This week we have a special “dual tip,” contributed by Developer Christian Mütze and Consultant Kit Tomshøj.
As you probably know, the advent of digital printing has allowed for far greater customization of mass-printed items; and when we use the term “variable data” we are talking about unique information applied to each individual piece of a print run.
A very common use would be a unique name and address printed on each item for a direct mail campaign. But let’s say the campaign is expanded to several geographical regions – variable data can also mean different graphics are used on versions of the printed piece, with imagery relevant to the different mail recipients.
This tip explains that there is a methodology available with PrintVis to assist with the management of variable data. We would like to point out, however, that there is some customization involved with this one (whereas PrintVis prefers to emphasize standardization whenever possible, to minimize slow and costly upgrades).
When you deal with Variable Data Printing (VDP), you commonly deal with multiple file formats and customer needs. Using PrintVis you can manage the workflow of the job and ensure that all jobs have been printed. The supported VDP files can be managed with PrintVis Folder Management.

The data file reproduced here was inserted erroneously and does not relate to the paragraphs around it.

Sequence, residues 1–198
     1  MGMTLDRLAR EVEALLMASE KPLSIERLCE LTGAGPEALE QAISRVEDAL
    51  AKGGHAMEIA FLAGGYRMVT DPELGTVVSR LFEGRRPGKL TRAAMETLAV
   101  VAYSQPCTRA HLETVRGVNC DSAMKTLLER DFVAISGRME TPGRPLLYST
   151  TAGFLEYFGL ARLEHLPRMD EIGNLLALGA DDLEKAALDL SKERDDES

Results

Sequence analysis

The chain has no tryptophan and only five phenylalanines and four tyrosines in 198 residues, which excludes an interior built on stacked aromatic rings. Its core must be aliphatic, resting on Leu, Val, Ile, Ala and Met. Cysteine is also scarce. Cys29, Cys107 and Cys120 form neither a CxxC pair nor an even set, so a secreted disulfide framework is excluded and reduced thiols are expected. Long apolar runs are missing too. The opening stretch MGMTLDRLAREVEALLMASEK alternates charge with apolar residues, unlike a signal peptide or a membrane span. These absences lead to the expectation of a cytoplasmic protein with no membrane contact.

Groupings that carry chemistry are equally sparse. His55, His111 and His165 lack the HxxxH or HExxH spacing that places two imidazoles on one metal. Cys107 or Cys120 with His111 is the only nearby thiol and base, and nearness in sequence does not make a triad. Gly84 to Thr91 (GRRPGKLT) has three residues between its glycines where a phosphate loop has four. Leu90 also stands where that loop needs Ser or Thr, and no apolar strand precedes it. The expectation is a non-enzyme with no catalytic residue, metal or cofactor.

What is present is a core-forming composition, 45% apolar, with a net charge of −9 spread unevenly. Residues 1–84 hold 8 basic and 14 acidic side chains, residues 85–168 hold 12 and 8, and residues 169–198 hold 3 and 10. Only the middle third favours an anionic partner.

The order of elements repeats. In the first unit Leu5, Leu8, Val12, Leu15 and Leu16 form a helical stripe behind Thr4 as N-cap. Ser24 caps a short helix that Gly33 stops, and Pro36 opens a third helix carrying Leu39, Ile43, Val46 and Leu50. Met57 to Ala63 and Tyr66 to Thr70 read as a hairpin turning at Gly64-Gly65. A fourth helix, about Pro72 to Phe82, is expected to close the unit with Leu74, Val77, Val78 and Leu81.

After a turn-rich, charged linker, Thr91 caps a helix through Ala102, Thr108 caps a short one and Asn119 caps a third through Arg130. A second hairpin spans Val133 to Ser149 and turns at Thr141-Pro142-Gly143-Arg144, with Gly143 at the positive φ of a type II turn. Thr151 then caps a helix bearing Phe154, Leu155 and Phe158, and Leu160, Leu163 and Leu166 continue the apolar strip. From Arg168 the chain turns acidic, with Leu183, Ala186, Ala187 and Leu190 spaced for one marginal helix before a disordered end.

We simply setup three fields: One covering the first records, one the total sum of all records to print, and one for the final records.
You can easily fill these fields through a batch-controlled import job which reads your customer-supported files and only extracts this base set of information.
Then you can use this information through the UI of the Shop Floor clients, print it on reports – such the job ticket or a customer requested Service Level Agreement document for quality assurance.
For example, the customer gets an excel sheet, a SQL database or Access database, and there you find 1000 custom datasets.
This can be managed via PrintVis with some custom development of the import function, so that the system reads the first 10 customer names, the last 10 and the sum of 1000.
Then the press operator can do a quick check to see if the first and last 10 prints match the job ticket, and that the press has recorded a quantity of 1000 pieces.
Now using the Shop Floor app he can check and confirm that all prints were done. That’s all – plain and simple, easy to use and to implement.
We hope that gives you more ideas for smart solutions!
Thank you Christian and Kit!